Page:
Ketchum—nay, all of Blaine County—is in a housing crisis. Most businesses in town have “Help Wanted” signs in their windows and have had to cut their hours back, locals complain of being evicted so their landlords can Airbnb their spot, and things reached a dire point last summer when the city of Ketchum proposed converting city parks into “tent cities.” Ketchum’s housing crisis has been decades in the making but has been exacerbated by Ketchum’s recent population growth: typical growth for the area in past years has been one percent, but between 2019 and 2020, the population grew by 25 percent. Ketchum is losing its workforce and many year-round residents because they either can’t afford to live here or, even if they can, there’s no housing inventory.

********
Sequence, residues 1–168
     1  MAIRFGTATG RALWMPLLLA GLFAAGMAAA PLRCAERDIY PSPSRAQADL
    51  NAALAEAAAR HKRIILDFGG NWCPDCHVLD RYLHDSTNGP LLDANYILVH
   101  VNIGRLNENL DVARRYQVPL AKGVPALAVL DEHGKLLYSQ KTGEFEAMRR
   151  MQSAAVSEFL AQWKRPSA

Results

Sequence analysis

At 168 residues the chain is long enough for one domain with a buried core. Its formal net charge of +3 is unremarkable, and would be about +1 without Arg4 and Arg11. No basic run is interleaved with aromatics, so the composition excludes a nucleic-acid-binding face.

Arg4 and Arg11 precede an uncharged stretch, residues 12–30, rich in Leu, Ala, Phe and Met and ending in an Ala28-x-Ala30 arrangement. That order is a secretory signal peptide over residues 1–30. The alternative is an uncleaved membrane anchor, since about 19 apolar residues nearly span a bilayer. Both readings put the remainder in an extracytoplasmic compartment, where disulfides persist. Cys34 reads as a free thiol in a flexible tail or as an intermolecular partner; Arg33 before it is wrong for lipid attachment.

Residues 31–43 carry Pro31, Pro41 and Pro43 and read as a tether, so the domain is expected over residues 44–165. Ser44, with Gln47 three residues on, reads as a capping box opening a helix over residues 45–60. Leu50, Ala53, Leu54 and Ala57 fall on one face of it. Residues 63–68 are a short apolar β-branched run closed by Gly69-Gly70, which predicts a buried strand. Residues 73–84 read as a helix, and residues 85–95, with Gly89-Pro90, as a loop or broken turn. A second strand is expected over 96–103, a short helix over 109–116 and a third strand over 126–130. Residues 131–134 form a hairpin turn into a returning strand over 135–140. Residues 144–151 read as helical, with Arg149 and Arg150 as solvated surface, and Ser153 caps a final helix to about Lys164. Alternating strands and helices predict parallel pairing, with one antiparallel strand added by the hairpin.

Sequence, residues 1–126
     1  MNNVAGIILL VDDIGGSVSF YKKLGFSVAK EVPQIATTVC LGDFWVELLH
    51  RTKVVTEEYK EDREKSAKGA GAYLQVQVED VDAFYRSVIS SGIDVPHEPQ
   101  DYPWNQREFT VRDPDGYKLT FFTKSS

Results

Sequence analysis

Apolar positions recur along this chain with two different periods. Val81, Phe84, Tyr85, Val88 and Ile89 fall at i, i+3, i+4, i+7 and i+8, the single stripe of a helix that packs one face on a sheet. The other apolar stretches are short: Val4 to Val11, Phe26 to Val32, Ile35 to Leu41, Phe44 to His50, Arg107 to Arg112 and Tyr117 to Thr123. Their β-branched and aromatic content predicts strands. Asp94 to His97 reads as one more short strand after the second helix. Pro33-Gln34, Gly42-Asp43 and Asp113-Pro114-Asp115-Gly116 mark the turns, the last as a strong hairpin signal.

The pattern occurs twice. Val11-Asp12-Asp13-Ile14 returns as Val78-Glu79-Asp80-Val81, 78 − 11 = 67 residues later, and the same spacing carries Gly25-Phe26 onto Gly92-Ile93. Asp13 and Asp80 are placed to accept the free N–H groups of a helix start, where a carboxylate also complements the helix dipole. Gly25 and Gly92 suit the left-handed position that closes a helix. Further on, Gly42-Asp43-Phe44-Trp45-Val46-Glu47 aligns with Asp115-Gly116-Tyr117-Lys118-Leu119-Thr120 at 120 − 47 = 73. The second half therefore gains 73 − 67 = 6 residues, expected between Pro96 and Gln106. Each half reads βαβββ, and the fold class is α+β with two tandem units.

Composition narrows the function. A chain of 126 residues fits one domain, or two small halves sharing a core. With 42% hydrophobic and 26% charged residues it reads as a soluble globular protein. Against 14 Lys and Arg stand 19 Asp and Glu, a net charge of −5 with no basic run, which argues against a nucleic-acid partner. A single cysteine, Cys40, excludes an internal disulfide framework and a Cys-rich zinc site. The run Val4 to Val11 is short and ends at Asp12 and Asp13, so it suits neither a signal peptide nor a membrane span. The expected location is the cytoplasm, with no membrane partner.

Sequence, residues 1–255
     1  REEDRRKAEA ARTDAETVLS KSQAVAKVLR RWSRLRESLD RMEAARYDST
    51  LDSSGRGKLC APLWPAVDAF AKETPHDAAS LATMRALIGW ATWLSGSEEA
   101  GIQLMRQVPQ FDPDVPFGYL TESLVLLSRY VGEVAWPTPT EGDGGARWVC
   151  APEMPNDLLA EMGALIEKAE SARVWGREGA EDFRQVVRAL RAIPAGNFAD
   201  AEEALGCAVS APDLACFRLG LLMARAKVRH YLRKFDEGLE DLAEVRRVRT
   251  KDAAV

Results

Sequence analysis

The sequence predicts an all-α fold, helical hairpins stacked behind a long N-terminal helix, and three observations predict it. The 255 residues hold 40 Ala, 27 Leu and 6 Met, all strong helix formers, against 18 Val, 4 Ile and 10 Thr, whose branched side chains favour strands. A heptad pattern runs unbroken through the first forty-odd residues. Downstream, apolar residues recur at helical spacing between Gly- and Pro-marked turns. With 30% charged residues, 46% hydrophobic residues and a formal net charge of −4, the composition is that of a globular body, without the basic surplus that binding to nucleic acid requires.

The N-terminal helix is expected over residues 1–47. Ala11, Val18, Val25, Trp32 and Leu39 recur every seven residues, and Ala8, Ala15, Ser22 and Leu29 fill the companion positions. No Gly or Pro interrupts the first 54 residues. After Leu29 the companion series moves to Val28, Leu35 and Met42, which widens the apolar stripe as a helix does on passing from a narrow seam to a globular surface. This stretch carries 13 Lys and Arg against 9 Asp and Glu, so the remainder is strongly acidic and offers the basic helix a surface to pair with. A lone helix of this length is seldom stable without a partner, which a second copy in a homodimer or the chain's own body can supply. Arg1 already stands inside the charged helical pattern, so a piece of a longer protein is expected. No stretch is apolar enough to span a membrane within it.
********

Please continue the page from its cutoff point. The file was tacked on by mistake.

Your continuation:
To address both immediate needs as well as projected needs in the next 10 years, the City of Ketchum has developed a Housing Action Plan (HAP), a coordinated approach with short-, mid-, and long-term goals and projects. Since a range of factors (economic, social, etc.) have contributed to the current crisis, it’s only fitting that the solutions are just as wide-ranging; actions in the plan include rental assistance, incentives for converting to long-term rentals, preserving existing affordable housing, homeownership assistance, new housing development, and zoning changes.
The first step to creating the HAP was collecting data during the fall of 2021. A meeting was held with the Housing Task Force, a cross section of 19 community members, and a housing survey was distributed to the community, which received over 1,100 responses. Based on its results, the city estimates that one percent of the population of Ketchum is already experiencing homelessness.